The Trump campaign’s clarion call is that his chief qualification as a statesman is his roaring success in business. Leaving aside the dubiousness of his claims, what about the assumption that government should be run more like a “free enterprise”? We can discuss the major campaign issues in terms of the track record of government privatization over the years, and how they relate to the issue that neither of the leading candidates is talking about enough: inequality.

In a compendium of privatization disasters, the watchdog group In the Public Interest (ITPI) concludes that “government privatization disproportionately hurts poor individuals and families.” By shifting social costs onto the public, the market logic of “personal responsibility” serves as a pretext for a self-perpetuating spiral of social disinvestment.

One way privatization fleeces the poor is by making basic public services cost more. The received wisdom is that people will be more conscientious about “consuming” services when they have “skin in the game.” Yet this neoliberal market logic ignores the fact that what makes services so essential is exactly why they should cost less, not more. ITPI points to privatization schemes for water and electricity systems, which have hiked user fees for outsourced utilities, but suffered from a decline in the quality of services, and that spiking rates “particularly harm low-income residents and those on fixed-incomes.”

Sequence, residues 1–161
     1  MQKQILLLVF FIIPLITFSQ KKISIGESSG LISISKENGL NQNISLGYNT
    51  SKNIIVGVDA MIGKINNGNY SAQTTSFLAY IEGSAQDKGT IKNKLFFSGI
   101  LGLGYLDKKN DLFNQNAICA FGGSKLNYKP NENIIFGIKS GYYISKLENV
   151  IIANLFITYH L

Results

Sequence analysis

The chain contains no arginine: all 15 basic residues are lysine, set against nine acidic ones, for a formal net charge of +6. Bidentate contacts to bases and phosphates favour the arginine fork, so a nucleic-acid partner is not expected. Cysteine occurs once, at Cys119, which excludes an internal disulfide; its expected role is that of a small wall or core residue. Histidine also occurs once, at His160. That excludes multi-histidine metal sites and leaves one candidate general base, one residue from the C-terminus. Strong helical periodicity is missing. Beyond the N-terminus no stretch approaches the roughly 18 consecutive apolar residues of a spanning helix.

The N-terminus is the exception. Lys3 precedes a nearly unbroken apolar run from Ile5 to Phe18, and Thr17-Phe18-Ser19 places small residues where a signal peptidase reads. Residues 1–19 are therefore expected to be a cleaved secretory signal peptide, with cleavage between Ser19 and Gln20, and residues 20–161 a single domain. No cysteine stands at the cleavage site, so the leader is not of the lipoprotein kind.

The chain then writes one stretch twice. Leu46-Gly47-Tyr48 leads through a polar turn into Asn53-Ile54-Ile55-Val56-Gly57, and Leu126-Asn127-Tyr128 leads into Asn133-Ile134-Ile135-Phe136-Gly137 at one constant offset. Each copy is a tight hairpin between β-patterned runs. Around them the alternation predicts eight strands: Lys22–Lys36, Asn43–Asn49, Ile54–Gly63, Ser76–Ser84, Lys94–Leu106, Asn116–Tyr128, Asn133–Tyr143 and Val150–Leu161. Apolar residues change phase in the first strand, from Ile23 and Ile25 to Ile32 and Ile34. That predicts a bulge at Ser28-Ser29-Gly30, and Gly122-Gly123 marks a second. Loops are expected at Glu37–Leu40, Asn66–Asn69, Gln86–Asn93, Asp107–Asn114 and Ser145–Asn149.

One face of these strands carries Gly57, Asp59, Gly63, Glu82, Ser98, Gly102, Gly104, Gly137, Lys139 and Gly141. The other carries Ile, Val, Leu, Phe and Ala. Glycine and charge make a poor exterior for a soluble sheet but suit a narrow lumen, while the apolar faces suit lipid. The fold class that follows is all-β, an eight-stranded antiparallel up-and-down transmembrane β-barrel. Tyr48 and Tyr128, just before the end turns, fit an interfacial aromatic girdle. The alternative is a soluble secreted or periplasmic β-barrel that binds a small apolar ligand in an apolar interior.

On the national level, under the semi-private Affordable Care Act, overall costs for the public health-care “consumers” are virtually uncontrolled, but the free market draws from unlimited spigots of government subsidies. Next year, even “wise” insurance “shoppers” are looking at monthly premium increases of over 10 percent. Plus, there’s only one insurance monopoly in some areas.

As economic security erodes and social services cost households more, they fall into a “safety net” that’s being ripped out from under them by the same privateering forces. One key example is the federal “welfare reform” that is entering its 20th year in 2016. Often billed as a pathway to “personal responsibility,” the welfare state has become a private bureaucracy: private contractors that process eligibility forms, and often run benefits programs.

In Florida, for example, the push for privatizing the administration of social programs in the early 2000s led to outsourcing of core bureaucratic functions. For federal food-stamp provision, the state instituted a data system for screening applicants under this supposedly more efficient “market-based” management solution. The contract led to massive data errors that produced cost overruns of $200 million.

Similarly, a program for the private administration of electronic food-stamp cards in New York City, part of a nationwide private management plan, sought to recoup the cost of poor people’s spending too much money on food, by charging a 50 cent fee every time their food subsidy card showed “insufficient funds.” The contractor, incidentally, was J.P. Morgan. The city had commissioned a company that helped bankrupt the nation to nickel-and-dime welfare recipients for being too hungry and too poor.

The predatory use of legal fines and fees on the poor—which the Movement for Black Lives has focused on in recent months as a driver of mass criminalization in many communities of color—encapsulates another industry marketizing the desperation of disenfranchised neighborhoods. The imprisoned are perversely treated as consumers of punishment: ensnared in local jails, courts, and probation companies, individuals caught up in the criminal-justice system are charged user fees as a form of coerced rent, which funds the services that police them.